COPD and congestive heart failure

Contributed by Jim Nelson, consultant to CAIRE Inc.COPD includes emphysema and chronic bronchitis, which can damage the lungs. As the disease progresses, the bronchial tubes become increasingly restricted through swelling, inflammation, or an excess of thick mucus. Also, the alveoli, the microscopic air sacs where oxygen is absorbed into the blood stream and carbon dioxide, waste gas, is expelled into the lungs to be exhaled, grow less elastic and damaged.

COPD can also cause the small arteries of the lungs to narrow. When this happens, blood flow is restricted, increasing the workload on the right side of the heart. The excess pressure is called pulmonary hypertension, literally excess pressure in the lungs.

It is that side of the heart that works to push blood into the lungs. Over time, the extra blood pressure and heightened strain on the heart may cause the right side of the heart to increase in size. Eventually, this can lead to right-sided heart failure, a condition called cor pulmonale.

When the right ventricle of the heart loses its ability to efficiently pump, blood can accumulate in other parts of the body, producing congestion. When congestive heart failure occurs, it affects the liver, the digestive tract, and causes swelling of the limbs. It also renders the patient more susceptible to a heart attack, followed by disability or death. However, like so many things, cor pulmonale and congestive heart failure are largely preventable.

While COPD is progressive and incurable, that progress can be slowed dramatically! We preach the values of exercise and proper oxygenation of the blood for a good reason … when the saturation of oxygen in the blood stream is kept above 90%, (usually the higher the better), the brain cells and the right side of the heart are kept from damage. That is the reason that physicians perform the “walk test.”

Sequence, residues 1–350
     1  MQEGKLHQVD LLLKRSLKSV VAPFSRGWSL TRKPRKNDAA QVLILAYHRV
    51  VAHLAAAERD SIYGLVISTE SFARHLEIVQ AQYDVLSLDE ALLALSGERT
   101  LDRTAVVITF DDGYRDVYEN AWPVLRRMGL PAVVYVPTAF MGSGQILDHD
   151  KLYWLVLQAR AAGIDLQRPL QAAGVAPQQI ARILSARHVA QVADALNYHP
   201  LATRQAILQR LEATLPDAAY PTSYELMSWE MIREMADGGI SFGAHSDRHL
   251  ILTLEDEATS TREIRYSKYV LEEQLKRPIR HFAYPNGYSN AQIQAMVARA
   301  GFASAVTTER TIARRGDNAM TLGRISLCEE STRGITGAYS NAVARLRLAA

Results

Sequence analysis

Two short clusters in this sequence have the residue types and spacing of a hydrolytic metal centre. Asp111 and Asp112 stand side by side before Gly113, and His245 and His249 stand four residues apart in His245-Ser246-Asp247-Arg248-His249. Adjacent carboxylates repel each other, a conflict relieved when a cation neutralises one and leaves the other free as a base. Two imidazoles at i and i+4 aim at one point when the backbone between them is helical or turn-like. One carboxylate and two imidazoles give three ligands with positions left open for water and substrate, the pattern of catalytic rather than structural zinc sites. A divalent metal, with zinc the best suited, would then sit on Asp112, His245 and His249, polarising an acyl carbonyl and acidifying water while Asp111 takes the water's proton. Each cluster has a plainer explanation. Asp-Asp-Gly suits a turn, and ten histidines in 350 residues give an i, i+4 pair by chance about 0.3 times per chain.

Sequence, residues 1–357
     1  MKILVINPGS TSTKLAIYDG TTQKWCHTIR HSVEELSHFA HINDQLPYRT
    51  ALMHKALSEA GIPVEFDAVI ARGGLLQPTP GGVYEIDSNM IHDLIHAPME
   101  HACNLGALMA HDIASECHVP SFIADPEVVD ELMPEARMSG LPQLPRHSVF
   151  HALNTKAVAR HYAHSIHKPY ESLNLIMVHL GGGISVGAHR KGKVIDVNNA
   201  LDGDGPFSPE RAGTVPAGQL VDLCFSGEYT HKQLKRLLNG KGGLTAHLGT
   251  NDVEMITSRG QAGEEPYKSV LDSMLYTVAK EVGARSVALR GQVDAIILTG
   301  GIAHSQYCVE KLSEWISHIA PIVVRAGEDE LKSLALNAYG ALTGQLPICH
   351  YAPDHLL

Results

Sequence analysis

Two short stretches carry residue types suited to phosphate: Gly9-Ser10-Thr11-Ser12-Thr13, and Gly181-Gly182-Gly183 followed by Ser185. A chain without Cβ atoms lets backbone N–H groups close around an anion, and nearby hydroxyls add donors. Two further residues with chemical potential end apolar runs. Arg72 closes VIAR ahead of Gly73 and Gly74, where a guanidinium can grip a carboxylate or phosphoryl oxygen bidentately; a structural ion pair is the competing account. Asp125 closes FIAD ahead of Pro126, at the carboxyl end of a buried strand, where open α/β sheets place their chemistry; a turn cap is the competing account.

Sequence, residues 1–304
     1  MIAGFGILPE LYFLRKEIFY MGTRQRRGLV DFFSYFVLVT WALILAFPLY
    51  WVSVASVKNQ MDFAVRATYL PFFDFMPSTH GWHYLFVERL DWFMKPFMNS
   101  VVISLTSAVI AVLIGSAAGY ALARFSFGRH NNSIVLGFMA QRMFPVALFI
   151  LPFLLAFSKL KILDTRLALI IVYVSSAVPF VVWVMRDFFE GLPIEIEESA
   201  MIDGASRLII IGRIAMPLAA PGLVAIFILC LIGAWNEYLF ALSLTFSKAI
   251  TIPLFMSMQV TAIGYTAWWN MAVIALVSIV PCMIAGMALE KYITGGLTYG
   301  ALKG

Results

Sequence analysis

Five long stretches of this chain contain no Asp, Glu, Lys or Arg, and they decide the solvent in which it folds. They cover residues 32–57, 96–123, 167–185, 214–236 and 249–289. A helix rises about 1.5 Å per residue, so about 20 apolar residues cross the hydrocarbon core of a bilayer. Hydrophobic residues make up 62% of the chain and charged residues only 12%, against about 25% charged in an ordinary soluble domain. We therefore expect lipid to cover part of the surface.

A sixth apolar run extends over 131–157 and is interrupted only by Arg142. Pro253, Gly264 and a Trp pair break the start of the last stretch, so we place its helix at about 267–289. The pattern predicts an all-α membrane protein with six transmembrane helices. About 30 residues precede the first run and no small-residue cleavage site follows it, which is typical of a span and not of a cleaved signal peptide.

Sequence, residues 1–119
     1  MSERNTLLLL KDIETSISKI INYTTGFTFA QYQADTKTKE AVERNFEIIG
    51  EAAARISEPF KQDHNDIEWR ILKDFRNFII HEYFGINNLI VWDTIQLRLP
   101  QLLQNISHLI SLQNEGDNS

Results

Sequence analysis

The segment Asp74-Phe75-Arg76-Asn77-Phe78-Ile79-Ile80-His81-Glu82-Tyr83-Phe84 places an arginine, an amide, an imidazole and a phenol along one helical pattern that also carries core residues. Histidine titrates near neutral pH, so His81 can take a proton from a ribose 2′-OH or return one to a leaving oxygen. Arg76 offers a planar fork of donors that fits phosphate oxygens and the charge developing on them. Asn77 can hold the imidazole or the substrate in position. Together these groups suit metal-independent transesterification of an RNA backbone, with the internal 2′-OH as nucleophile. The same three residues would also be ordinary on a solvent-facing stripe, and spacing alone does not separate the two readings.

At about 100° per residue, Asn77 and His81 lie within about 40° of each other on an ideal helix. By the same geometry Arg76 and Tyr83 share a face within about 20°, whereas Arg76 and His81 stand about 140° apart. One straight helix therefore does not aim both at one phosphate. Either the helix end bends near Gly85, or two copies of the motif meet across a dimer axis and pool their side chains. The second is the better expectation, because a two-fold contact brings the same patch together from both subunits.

If they suspect that the patient is running low on saturation, they will attach a pulse oximeter to a finger and go for a walk around the hallways of the medical facility. During the walk, if the saturation as measured by the pulse/ox drops much below 90%, it calls for intervention. That intervention usually takes the form of supplemental oxygen.

I think it is safe to say that no one really wants to wear an oxygen cannula. However, the alternative is much more unpleasant. Risking damage to the organs of the body, especially the heart and brain, can result in situations much more unpleasant than wearing a cannula. Using a supplemental oxygen source, be it a home concentrator, bottles, or a small portable concentrator, can help to keep the patient healthier and able to sustain a decent quality of life.

In addition, devotion to an exercise regimen can help tremendously in the effort to stay active, to slow the progression of COPD, and to protect the heart and brain. The thought of exercising when any sort of activity brings shortness of breath may seem impossible, but that is the exact opposite of the truth.

I was diagnosed with severe COPD at age 55. My lung function was 33% of normal, given my age, height, etc. I went home with a full compliment of oxygen bottles, regulators, hoses and cannulas. Research showed us that exercise was vital to slowing the disease, so I ordered our first treadmill. I have honestly worn out three treadmills since then.

However, it paid off! I was able to keep that 33% lung function for nearly 13 years! I wore my cannula for sleeping and for exercising, and it quickly became a part of my life.  My heart is still of normal size, and I feel that my brain is still functioning extremely well!  (There are those who disagree, but I ignore them …)

~ Uncle Jim

Jim Nelson is a double lung transplant recipient and a patient advocate for COPD patients throughout the U.S. and around the world. He and his wife, Mary, are well known patient advocates and brand ambassadors for those organizations who tirelessly endeavor to help those individuals who suffer from a variety of respiratory diseases and the caregivers who support them.

 If you have been prescribed oxygen therapy, learn more about CAIRE wearable, portable and stationary oxygen concentrators by visiting www.cairemedical.com or calling 1-877-704-0878 to talk to an oxygen advisor. 

When using any oxygen therapy device please consult the applicable product instructions for use for product indications, contraindications, warnings, precautions, and detailed safety information.

 

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